Kamloops councillor has concerns about The Loop

Coun. Arjun Singh Singh expressed concern The Loop is not adequately resourced. He told KTW it is trying to be a full-service social agency, but is not staffed accordingly.

A Kamloops city councillor says a group in town providing day lodging to people on the street may be jeopardizing future help for the city’s vulnerable.

“My concern is that we’ll be able to help them [homeless] less,” Coun. Arjun Singh told KTW.

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At Tuesday’s (June 1) council meeting, Singh weighed in on debate over The Loop in North Kamloops. The Loop, at the corner of Tranquille Road and MacKenzie Avenue, is a day lodge for the street-entrenched. Highly visible in an area being redeveloped, The Loop has drawn the ire of the business community and has elicited complaints about open drug use, overnight camping, violence, garbage and more. It has been designated a nuisance property by the City of Kamloops.

Singh expressed concern The Loop is not adequately resourced. He told KTW it is trying to be a full-service social agency, but is not staffed accordingly. Singh said issues with the group running The Loop date back up to six years and have come to a head.

Singh said that, while it is nothing personal against people operating The Loop, who he said are trying to do good work, concerns are “very, very large right now.” He said such concerns compromise social licence and inhibit future projects to help people on the street.

Singh said he has heard from social agency leaders who will not work with the group spearheading The Loop for that very reason.

“We try and put housing in a place, we try and put services in a place. We’re depending on the public and that means citizens, that means people in the residences, people in the businesses in the community to largely know those are run in a way which are respectful and good neighbours,” Singh told council on Tuesday. “And what I’m seeing, and unfortunately I’m seeing it repeatedly with this organization, is that that’s not happening in different iterations.”

The Loop Glen Hilke
Glenn Hilke (seen here with friends downtown) helps run The Loop drop-in centre, at 405A Tranquille Rd. in North Kamloops. - Dave Eagles/KTW file

Singh cited the Royal Social House, The Branch and The Loop as endeavours with significant problems.

Glenn Hilke said The Loop operates with 20 people — 10 paid staff and 10 regular volunteers — and has sufficient funding. He said it is “false” to say The Loop is under-resourced.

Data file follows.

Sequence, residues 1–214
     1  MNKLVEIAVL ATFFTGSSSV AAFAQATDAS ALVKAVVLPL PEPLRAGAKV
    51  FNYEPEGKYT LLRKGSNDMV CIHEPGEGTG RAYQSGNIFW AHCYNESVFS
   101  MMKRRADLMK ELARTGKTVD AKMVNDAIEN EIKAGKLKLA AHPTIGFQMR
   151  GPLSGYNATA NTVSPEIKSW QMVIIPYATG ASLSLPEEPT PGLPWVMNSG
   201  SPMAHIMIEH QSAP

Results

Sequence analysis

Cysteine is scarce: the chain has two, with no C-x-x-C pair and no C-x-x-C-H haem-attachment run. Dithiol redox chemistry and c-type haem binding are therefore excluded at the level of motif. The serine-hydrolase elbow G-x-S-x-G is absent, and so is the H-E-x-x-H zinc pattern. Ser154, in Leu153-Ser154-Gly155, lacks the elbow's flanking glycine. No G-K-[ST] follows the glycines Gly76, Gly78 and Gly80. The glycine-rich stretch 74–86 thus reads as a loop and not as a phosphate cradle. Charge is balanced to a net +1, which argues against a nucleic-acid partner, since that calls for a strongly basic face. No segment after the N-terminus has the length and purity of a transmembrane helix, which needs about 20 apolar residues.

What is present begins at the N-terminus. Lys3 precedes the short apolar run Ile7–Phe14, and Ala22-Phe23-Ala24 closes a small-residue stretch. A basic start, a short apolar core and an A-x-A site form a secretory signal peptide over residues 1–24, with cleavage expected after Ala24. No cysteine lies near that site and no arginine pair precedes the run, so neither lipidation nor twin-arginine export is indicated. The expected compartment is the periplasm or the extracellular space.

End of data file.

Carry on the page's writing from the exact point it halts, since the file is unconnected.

Hilke reiterated previous statements to KTW, stressing need for the day lodge. He said The Loop is the only real drop-in centre on the North Shore and that it is helping many people who are food insecure, providing three meals per day.

He invites city councillors to visit the centre and see what is happening on the ground because he believes a false narrative to be circulating.

“What is this about? This is not about incompetence, under-resourced, not well-managed.” Hilke said. “No. We all know what this is about. It’s about the optics of certain people in the community and they are in the minority, not wanting to see the fact that we have poverty in Kamloops, we have homelessness in Kamloops . . . ”

Singh told KTW that, as a longtime city councillor, he has dealt with the issue of homelessness and does not take lightly speaking publicly about the situation. He said it is important not to demonize the homeless, while simultaneously ensuring organizations helping the vulnerable act as good neighbours.

When that is not done, he said, work of organizations like the ASK Wellness Society, the Canadian Mental Health Association and the John Howard Society can be put in jeopardy.

“I’m kind of concerned that we’ll lose the ability to do as much as we’re doing now for folks that are vulnerable, if folks are taking this attitude that they’re not resourced enough to do the work they’re trying to do,” Singh told KTW.

He said he is worried about the summer, due to increased anxieties within the community during the pandemic, should negative activity not decrease. He wants to see the group adequately resourced and mitigating impacts it is having, while simultaneously helping people on the street.

“We’re doing everything,” Hilke said. “I’ve had some very positive conversations with representatives of the city since the nuisance status was put on us. I have hope for the first time in a few days that this will be worked out in a positive way.”

One change that has been implemented is asking people to leave or attend shelter when The Loop closes.

More on the nuisance property designation

The city’s community services director, Byron McCorkell, explained that The Loop is a non-profit agency operating on private property with federal funding, but without a board of directors.

For the most part, McCorkell said, the organization is doing a “fantastic” job. However, he noted the COVID-19 pandemic has complicated the situation, leading to people who would otherwise be spending time inside of a building instead congregating outdoors and drawing the ire of the business community.

City staff spoke with the agency, he said, requesting litter and unsightliness be kept at bay.

McCorkell said the city began with a warning before the situation got to the point in which a nuisance property designation was applied.

“We still have lots of education opportunity if we see things change,” he said.

© Kamloops This Week

 


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